Where is Tim Scott from? ›

Sen. Tim Scott of South Carolina struck all the right conservative chords during his presidential announcement in his hometown of North Charleston on Monday.

What college did Tim Scott go to? ›

Who was the first black senator in U.S. history? ›

Hiram Rhodes Revels (left) was the first African American to serve in the U.S. Senate; Carol Moseley Braun was the first African American woman elected to the chamber.

Who is the only black U.S. senator? ›

At presidential campaign announcement, Republican Tim Scott blasts Democratic President Joe Biden and what he calls the 'radical left' Tim Scott, the only Black Republican in the US Senate, has announced his presidential candidacy, blasting the current office holder, Democrat Joe Biden, along the way.

What business did Tim Scott start? ›

After college, he started selling insurance, eventually growing Tim Scott Allstate into a 3,000-customer business.

Did Tim Scott play in the NFL? ›

Scott signed with the Dallas Cowboys as an undrafted free agent on May 9, 2015.

Who is Tim Scott's mom? ›

Senator Tim Scott is kicking off his Women's History Month video series with a sit-down interview with his mother, Frances Scott.

Is Tim Scott from South Carolina? ›

About Tim. Growing up in a poor, single parent household in North Charleston, South Carolina, a young Tim Scott grew accustomed to moving every few years, as well as the long hours his mom worked to keep a roof over their heads.

How many representatives does South Carolina have? ›

Current members

The current U.S. House delegation from South Carolina has 7 members, including 6 Republicans and 1 Democrat.

Who is the black senator from South Carolina? ›

In a 2014 special election to serve out the remainder of his term, Scott became the first Black candidate to win a statewide race in South Carolina since the Reconstruction era. Before that, Scott had just been elected to his second term representing South Carolina's 1st Congressional District.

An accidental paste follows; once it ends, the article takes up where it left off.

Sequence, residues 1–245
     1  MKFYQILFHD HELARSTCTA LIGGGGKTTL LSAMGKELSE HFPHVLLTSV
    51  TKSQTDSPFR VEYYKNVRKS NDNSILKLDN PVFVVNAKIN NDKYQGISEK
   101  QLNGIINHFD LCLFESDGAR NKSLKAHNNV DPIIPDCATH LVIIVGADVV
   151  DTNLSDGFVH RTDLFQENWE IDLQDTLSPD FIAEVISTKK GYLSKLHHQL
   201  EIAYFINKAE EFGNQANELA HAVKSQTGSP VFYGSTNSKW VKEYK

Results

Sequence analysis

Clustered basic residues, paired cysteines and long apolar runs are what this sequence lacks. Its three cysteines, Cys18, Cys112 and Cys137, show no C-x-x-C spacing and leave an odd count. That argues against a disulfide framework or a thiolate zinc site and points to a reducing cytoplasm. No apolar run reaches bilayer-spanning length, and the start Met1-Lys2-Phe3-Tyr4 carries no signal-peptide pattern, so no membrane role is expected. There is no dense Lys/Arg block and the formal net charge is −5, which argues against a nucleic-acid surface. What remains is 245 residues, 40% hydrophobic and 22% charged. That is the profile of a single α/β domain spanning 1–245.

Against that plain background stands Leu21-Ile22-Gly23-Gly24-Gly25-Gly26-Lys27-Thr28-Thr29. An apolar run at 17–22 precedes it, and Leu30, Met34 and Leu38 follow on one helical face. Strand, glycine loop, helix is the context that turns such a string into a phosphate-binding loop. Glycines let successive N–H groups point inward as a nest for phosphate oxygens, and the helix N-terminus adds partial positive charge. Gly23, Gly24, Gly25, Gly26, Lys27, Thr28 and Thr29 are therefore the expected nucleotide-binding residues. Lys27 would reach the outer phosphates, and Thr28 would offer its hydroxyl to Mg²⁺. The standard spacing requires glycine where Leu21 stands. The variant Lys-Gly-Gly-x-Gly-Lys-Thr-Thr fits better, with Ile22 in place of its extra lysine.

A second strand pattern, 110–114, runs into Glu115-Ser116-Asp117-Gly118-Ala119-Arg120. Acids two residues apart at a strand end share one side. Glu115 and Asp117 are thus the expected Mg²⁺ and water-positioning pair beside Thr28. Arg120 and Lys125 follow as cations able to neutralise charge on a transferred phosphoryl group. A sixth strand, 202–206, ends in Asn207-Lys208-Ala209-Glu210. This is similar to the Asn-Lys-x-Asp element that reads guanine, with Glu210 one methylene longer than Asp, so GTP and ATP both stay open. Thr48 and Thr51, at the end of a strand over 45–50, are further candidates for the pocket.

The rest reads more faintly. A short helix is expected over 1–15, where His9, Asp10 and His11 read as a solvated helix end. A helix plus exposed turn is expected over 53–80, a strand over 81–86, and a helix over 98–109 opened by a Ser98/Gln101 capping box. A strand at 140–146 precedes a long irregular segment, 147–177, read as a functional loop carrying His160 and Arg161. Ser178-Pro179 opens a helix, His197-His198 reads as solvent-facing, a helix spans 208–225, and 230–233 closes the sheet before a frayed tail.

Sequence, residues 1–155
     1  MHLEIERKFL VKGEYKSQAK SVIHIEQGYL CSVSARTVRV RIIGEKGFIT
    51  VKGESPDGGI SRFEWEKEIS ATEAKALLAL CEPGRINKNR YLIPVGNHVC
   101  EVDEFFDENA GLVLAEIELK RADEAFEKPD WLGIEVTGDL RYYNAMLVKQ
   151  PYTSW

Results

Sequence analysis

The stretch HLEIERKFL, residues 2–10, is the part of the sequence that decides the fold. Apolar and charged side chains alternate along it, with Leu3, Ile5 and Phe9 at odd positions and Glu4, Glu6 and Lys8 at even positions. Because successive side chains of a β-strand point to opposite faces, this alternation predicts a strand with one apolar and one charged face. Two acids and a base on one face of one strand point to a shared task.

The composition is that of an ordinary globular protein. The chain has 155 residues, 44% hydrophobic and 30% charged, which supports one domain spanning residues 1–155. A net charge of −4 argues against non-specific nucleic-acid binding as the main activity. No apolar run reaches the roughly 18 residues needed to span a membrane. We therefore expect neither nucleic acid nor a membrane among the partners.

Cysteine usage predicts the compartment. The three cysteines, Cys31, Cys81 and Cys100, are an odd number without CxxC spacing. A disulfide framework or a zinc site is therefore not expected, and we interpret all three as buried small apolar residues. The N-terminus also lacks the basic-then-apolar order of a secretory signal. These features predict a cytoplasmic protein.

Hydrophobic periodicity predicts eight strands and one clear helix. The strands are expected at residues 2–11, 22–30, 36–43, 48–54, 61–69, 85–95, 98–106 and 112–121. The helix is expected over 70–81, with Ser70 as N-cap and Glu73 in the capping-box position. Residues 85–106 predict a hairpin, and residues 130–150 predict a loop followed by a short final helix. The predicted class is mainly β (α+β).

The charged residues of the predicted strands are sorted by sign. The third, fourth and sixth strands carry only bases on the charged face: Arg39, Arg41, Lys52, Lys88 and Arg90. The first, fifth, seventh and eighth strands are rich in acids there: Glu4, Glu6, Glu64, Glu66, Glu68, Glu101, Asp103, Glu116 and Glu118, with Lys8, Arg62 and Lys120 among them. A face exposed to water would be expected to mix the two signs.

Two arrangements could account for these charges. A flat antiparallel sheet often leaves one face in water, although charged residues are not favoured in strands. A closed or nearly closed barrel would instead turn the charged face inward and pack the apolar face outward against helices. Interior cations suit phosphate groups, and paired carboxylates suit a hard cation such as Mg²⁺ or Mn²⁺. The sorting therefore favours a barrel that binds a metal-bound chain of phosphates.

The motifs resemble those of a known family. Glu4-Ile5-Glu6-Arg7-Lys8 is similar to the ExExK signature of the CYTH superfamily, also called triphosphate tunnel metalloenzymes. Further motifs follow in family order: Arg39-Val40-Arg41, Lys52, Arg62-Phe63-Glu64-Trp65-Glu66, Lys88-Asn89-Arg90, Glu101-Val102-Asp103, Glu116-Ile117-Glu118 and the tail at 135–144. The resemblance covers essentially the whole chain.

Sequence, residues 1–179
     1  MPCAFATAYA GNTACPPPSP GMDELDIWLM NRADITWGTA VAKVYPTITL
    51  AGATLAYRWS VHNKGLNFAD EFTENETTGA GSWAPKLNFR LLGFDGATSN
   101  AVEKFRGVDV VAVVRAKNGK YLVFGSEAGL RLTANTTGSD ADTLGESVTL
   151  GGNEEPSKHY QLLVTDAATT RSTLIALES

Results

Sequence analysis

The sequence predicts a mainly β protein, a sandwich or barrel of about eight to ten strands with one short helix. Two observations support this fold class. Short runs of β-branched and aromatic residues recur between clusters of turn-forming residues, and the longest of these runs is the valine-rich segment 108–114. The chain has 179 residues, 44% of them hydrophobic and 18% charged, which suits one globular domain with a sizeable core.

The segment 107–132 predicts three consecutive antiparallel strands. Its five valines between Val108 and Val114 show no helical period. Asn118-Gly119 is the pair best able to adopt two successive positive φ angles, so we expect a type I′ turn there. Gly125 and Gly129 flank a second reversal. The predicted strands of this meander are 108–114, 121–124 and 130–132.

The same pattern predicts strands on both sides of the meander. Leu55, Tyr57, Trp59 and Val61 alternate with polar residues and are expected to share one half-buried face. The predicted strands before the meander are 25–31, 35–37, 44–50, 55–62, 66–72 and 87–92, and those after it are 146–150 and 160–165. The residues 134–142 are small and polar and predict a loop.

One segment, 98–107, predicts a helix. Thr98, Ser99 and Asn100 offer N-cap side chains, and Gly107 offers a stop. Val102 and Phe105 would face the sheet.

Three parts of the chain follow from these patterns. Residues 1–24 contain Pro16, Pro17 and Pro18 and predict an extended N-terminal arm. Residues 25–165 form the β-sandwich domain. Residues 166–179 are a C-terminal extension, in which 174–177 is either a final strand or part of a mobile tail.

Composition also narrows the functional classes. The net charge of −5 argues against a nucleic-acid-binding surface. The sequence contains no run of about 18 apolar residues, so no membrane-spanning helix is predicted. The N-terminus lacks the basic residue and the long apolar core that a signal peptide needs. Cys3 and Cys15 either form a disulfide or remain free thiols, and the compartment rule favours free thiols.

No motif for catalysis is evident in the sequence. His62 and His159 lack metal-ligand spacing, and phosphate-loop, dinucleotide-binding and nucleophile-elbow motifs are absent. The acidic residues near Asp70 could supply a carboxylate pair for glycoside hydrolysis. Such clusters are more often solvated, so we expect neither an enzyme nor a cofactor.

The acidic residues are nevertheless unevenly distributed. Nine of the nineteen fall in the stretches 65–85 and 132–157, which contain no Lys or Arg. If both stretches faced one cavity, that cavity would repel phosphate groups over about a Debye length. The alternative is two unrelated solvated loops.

Does Tim Scott have siblings? ›

Who is the first Black millionaire? ›

Madam C.J.

Walker (1867-1919), who started life as a Louisiana sharecropper born to formerly enslaved parents in 1867, is usually cited as the first Black millionaire.

Who was the first female senator? ›

Appointed to fill a vacancy on October 3, 1922, Rebecca Felton of Georgia took the oath of office on November 21, 1922, becoming the first woman to serve in the U.S. Senate. Felton served only 24 hours after taking the oath, but her historic appointment paved the way for other women senators.

How many U.S. representatives are Black? ›

There currently are 58 African-American representatives and two African-American delegates in the United States House of Representatives, representing 28 states, plus the U.S. Virgin Islands and the District of Columbia. Most are members of the Congressional Black Caucus.

Who was the first non white senator? ›

He took the oath of office on February 25, 1870. Senator Hiram Revels of Mississippi was the first African American member of the United States Senate. He took the oath of office on February 25, 1870.

Who was the first black woman senator? ›